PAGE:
Round one of the high-priced enthusiast end of X58 went to EVGA last year, who set the pace with their Classified line of motherboards. While not perfect in every regard, the E759 and E760 broke and set more overclocking records than any other product, elevating the Classified series to must have status in the eyes of overclocking and gaming enthusiasts.

In light of this success, it was clear that ASUS, Gigabyte and MSI would have to go back to the drawing board and come up with new designs to captivate the audience. The launch of Intel’s i7-980X Gulftown together with the availability of SATA 6G and USB 3 controllers from Marvell and NEC provided the excuse for a revamp and here we are a couple of months down the road with everyone vying to capitalize on sales thanks to the longevity of the X58 platform. That’s where we pick up today, we’ve got the very best ASUS, Gigabyte, EVGA and MSI have to offer and have lined up a compare taking a look at basic functionality, overclocking and overall stability.

Meet the contenders:

 

Now grab a fresh pair of pants before you take a look at the asking prices:

Motherboard Chipsets SATA 6G USB 3 Price
ASUS Rampage III Extreme X58 Yes Yes $379
EVGA X58 4 way Classified X58, 2 x NF200 No No $429
Gigabyte X58A-UD9 X58, 2 x NF200 Yes Yes $699
MSI Big Bang-XPower X58 Yes Yes $299

Eek! $700 for a single socket motherboard? That’s waaay over the top. While we acknowledge there is a market for high-end products, we can’t think of a good reason for why a motherboard designed around a heavily integrated architecture should be priced this high. There nothing radical on or about the UD9 that justifies such expenditure ; like most of the other boards on test here today, the base design is very much de-facto for the platform and identical to lower priced motherboards( apart from the addition of two nVidia NF200 chips to provide four way SLI capabilities).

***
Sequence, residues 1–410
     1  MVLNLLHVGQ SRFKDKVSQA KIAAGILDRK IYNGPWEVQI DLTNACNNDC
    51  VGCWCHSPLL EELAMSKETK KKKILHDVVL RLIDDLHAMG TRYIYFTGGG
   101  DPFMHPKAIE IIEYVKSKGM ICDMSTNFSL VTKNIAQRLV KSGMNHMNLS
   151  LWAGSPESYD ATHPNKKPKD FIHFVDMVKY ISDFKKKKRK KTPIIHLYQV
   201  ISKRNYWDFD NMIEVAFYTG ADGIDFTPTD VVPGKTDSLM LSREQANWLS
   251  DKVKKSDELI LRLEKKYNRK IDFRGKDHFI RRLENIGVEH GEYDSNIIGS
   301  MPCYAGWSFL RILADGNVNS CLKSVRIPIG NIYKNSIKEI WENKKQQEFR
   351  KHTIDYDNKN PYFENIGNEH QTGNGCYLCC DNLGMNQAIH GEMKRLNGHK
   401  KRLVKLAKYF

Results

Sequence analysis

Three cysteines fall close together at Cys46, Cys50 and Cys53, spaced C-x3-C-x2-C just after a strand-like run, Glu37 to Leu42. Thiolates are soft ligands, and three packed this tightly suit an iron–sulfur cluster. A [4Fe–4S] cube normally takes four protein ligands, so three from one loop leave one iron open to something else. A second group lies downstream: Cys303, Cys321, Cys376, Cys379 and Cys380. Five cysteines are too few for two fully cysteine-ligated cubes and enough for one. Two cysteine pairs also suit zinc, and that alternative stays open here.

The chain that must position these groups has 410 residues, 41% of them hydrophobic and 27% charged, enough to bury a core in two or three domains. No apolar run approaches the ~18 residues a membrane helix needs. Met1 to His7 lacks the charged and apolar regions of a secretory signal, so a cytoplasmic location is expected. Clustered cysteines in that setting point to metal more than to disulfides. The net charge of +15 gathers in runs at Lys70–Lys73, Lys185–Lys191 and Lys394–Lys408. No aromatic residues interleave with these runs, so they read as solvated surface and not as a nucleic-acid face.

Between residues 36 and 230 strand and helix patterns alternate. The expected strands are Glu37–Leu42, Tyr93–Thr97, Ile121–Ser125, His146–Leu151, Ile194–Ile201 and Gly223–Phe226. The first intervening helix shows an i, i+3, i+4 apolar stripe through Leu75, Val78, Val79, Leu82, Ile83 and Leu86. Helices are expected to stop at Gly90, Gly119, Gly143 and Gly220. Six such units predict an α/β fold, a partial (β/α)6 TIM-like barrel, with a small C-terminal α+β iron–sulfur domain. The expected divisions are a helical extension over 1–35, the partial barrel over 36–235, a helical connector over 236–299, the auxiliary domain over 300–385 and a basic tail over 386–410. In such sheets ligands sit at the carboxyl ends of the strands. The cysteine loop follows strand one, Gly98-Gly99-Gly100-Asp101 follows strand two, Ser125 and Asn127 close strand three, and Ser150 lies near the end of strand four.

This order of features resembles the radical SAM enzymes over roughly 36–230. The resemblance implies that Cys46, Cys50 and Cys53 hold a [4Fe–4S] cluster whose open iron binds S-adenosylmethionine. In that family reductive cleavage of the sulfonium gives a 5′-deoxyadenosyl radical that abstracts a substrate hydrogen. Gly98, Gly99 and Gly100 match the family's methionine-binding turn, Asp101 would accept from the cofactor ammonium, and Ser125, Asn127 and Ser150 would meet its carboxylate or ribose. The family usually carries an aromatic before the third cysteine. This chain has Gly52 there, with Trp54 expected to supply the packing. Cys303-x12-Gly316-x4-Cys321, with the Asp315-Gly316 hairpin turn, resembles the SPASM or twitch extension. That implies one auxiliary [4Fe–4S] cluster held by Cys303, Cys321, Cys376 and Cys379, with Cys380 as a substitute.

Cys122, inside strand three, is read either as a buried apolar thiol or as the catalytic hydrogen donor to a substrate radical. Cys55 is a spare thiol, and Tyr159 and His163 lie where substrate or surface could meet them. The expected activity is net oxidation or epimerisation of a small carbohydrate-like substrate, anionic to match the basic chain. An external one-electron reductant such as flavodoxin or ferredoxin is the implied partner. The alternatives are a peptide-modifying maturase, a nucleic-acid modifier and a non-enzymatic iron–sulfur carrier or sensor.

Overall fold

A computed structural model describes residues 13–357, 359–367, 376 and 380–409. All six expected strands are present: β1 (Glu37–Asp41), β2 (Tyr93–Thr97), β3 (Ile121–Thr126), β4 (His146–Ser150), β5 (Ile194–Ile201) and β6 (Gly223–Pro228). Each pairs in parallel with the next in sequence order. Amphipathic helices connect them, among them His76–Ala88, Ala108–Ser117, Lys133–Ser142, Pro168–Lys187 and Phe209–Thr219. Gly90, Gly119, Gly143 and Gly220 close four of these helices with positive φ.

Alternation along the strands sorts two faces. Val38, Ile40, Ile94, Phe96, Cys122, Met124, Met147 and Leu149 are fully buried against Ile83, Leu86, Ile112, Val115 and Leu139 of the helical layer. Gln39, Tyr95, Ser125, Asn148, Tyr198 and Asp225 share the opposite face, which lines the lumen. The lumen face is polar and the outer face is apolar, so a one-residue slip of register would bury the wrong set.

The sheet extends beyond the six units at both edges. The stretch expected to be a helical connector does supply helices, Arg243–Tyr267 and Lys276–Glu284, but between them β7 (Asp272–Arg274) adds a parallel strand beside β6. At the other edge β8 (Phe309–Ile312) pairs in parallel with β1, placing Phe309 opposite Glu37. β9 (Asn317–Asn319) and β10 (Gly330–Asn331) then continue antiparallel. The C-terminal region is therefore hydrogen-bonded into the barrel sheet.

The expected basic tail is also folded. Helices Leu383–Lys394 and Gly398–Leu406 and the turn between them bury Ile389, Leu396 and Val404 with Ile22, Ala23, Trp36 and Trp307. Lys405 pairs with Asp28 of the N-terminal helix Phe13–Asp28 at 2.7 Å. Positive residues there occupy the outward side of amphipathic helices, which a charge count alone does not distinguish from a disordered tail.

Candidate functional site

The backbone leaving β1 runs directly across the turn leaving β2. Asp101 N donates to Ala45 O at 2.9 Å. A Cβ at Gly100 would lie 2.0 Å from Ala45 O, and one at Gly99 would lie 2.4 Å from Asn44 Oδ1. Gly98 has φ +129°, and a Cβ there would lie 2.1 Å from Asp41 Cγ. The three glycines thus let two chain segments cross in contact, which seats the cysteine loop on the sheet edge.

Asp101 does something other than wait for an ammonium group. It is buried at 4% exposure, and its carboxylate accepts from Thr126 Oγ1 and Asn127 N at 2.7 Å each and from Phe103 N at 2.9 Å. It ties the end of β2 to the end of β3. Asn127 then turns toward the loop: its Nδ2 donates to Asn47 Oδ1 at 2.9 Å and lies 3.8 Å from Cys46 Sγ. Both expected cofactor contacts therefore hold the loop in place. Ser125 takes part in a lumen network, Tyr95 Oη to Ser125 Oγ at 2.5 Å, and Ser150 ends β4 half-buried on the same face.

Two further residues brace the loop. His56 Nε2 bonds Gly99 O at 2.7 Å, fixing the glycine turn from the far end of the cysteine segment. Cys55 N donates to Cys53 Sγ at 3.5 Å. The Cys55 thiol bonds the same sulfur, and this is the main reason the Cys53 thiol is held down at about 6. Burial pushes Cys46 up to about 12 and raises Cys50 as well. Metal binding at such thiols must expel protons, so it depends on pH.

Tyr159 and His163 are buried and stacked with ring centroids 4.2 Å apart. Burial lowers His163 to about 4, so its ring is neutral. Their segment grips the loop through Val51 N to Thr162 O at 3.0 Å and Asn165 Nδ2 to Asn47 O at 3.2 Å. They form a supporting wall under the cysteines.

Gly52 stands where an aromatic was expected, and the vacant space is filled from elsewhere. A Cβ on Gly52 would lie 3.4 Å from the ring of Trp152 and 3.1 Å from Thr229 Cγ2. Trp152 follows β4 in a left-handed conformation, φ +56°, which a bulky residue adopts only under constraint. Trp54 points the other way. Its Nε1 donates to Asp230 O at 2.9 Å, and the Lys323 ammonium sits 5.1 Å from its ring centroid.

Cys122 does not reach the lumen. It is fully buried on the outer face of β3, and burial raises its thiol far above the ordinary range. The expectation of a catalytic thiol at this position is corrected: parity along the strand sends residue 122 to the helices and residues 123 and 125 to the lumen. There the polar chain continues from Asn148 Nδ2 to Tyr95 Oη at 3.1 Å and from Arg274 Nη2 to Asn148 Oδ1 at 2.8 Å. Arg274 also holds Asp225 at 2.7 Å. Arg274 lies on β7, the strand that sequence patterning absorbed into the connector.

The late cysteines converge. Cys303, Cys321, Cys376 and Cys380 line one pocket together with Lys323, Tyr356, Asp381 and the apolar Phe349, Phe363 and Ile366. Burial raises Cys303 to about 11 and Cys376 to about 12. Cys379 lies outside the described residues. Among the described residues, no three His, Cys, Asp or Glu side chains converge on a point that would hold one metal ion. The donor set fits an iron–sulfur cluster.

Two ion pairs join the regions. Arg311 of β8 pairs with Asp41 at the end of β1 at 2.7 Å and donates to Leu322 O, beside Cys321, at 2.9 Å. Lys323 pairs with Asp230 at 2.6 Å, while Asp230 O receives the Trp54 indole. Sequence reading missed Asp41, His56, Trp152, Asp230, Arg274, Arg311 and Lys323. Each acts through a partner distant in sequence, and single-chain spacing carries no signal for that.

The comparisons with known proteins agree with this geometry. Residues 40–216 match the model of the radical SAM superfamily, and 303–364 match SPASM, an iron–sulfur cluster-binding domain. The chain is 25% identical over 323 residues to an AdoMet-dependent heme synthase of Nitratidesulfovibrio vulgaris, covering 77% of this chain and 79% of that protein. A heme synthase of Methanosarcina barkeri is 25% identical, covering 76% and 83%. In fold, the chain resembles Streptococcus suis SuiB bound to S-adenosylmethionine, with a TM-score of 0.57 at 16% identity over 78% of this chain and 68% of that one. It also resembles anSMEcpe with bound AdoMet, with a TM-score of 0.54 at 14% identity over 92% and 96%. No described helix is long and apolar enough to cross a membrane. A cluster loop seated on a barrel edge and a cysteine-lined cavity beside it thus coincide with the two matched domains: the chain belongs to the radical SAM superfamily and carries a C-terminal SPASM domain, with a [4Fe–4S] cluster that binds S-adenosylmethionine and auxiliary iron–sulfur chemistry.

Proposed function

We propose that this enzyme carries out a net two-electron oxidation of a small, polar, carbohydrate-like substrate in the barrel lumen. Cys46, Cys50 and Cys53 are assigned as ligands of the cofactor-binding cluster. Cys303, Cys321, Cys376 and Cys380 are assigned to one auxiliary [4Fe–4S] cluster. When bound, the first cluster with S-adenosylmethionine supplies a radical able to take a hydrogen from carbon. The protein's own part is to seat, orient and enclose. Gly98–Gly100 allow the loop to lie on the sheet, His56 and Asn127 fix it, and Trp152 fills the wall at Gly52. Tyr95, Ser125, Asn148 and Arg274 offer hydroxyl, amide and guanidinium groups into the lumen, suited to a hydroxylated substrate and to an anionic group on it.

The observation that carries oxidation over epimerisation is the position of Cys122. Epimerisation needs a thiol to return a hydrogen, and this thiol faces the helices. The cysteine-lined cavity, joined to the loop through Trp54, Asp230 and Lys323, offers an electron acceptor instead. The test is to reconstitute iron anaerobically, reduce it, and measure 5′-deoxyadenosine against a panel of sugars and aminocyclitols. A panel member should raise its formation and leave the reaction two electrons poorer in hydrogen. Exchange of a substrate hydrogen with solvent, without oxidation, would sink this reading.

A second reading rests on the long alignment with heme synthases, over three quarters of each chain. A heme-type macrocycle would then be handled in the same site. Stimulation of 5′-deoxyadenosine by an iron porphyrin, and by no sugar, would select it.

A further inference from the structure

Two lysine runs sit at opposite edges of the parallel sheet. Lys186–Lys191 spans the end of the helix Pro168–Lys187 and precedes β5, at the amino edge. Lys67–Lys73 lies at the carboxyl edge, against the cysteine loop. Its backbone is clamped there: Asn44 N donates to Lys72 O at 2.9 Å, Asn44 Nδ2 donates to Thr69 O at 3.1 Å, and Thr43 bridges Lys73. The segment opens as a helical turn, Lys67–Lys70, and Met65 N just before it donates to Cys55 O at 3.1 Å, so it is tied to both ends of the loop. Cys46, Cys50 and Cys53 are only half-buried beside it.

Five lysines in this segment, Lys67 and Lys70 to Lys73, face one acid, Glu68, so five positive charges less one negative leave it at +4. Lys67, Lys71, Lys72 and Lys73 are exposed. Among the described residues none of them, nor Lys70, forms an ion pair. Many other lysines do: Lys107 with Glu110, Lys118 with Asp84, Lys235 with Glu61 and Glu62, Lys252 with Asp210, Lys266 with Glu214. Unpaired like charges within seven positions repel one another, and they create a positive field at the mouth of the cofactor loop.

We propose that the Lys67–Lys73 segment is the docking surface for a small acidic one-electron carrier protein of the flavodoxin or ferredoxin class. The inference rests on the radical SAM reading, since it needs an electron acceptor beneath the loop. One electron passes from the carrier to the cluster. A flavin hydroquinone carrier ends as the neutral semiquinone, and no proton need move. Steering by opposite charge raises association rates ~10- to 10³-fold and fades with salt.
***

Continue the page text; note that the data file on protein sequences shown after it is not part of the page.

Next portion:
In general, all these boards do over their $200~$250 counterparts is offer a more robust VRM for heavy overclocking, in some cases a better layout and lastly a more overclocking centric BIOS.  As such, these motherboards are worth looking at by those of us that have very specific overclocking needs beyond conventional cooling, or by those that have a mind-set that pays scant regard to cost versus performance ratios.  So yes, this is a minority audience article, but we’ll be getting back to our roots straight after – don’t despair!

ASUS Rampage III Extreme
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  • strikeback03 - Friday, July 16, 2010 - link

    So that people don't go spending their money on them? IMO a review that says "This isn't worthwhile" is more useful than one that says something is. And this is probably a valid question for those still buying X58. Reply
  • shin0bi272 - Saturday, July 17, 2010 - link

    good point. Better to have a review that says youre nuts to buy this than say wow this is a great board go get it now then in 4 months a new socket comes out and youre pissed off. I emailed intel and begged them to stop changing their sockets so soon ... I wont get a reply. Reply
  • Juddog - Friday, July 16, 2010 - link